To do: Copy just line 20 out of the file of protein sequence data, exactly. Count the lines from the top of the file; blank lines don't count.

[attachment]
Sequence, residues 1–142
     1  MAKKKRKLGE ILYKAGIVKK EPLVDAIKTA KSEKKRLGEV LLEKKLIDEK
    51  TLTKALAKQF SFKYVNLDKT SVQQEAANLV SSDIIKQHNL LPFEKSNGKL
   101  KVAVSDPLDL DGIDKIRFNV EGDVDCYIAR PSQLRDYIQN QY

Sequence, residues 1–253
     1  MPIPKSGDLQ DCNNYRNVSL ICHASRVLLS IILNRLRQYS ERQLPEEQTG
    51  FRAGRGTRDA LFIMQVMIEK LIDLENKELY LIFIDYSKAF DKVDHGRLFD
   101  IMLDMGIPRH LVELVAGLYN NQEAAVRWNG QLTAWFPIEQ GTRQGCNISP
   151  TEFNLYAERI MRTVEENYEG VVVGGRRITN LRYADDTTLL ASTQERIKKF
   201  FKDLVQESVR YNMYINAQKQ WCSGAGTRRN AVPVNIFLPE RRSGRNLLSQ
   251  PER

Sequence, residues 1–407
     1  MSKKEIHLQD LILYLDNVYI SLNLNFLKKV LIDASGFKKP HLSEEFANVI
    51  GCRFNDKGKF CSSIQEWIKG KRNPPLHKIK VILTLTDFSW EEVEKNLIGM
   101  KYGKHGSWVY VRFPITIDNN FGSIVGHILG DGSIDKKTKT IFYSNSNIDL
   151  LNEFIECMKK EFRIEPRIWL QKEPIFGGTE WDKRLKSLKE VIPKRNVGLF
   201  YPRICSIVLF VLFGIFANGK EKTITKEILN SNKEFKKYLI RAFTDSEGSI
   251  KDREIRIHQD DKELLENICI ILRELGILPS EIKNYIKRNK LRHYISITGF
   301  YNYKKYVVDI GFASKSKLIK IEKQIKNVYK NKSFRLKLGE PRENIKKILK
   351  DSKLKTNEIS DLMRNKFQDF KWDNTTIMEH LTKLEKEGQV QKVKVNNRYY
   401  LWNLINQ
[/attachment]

   351  DSKLKTNEIS DLMRNKFQDF KWDNTTIMEH LTKLEKEGQV QKVKVNNRYY